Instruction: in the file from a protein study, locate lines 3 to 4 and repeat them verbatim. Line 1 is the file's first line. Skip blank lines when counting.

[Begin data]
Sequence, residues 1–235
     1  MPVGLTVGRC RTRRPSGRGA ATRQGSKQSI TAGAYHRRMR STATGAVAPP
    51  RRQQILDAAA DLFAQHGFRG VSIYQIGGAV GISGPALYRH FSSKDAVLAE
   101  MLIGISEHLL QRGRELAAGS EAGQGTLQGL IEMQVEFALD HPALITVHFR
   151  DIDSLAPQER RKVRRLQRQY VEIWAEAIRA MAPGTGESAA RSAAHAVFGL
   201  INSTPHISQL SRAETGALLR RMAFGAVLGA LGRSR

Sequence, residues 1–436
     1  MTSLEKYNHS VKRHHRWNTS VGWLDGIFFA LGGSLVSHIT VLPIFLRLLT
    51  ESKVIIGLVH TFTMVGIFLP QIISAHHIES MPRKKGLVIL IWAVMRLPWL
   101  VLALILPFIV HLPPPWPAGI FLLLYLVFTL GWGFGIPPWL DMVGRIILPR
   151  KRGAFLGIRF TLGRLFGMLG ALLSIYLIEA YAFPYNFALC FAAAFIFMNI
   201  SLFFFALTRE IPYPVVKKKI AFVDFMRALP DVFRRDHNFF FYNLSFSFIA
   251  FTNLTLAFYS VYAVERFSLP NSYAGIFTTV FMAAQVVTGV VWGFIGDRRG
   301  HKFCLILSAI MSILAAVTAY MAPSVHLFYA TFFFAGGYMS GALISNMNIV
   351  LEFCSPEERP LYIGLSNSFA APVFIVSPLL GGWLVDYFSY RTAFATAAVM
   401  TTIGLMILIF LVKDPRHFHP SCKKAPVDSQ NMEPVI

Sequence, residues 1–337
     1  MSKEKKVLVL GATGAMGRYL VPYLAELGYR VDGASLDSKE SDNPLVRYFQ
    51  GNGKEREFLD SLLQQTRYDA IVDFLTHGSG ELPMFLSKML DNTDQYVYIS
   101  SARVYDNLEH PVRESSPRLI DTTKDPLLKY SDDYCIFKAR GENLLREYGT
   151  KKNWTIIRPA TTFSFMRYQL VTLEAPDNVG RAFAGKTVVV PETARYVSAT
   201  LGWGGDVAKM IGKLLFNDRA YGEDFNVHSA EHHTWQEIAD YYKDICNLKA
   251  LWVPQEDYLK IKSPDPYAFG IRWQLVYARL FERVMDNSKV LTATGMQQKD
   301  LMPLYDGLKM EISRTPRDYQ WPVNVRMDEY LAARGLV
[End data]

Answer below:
    51  RRQQILDAAA DLFAQHGFRG VSIYQIGGAV GISGPALYRH FSSKDAVLAE
   101  MLIGISEHLL QRGRELAAGS EAGQGTLQGL IEMQVEFALD HPALITVHFR